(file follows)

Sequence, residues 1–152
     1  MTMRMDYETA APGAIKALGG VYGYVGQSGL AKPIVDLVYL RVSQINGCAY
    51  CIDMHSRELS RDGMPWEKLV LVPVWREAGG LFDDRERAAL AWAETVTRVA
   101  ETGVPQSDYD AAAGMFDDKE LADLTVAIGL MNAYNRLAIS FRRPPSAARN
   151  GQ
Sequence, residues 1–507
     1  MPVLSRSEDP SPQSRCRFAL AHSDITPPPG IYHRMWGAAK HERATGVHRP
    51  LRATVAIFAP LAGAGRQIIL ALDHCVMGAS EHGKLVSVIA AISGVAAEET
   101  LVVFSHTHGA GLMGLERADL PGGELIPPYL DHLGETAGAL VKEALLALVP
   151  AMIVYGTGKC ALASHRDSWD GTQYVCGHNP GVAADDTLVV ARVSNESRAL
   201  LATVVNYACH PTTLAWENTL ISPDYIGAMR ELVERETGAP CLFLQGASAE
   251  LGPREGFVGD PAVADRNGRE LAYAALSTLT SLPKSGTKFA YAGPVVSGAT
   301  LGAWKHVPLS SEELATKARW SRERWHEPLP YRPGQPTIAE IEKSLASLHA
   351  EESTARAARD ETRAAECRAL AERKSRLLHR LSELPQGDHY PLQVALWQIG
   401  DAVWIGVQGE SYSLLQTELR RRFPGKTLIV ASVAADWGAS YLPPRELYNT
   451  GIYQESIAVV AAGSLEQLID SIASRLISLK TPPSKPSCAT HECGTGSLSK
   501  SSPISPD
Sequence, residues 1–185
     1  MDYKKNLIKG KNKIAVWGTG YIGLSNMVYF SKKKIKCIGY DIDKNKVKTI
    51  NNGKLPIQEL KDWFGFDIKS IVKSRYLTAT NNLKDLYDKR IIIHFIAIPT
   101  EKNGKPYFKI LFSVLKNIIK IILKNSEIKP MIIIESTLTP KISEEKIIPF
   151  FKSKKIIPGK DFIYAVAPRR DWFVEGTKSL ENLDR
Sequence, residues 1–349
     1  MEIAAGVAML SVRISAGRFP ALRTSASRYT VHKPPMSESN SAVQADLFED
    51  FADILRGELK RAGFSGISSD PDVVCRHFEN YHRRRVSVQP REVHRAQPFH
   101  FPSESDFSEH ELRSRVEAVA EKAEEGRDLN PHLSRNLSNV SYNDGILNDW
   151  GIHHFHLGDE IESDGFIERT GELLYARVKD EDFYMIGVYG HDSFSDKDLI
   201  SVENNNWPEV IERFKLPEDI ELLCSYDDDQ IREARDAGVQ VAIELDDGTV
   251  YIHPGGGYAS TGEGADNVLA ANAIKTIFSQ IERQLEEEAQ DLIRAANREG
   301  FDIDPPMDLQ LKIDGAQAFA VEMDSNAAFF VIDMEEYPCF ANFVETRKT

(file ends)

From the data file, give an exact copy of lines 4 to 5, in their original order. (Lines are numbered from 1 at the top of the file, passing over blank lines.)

   101  ETGVPQSDYD AAAGMFDDKE LADLTVAIGL MNAYNRLAIS FRRPPSAARN
   151  GQ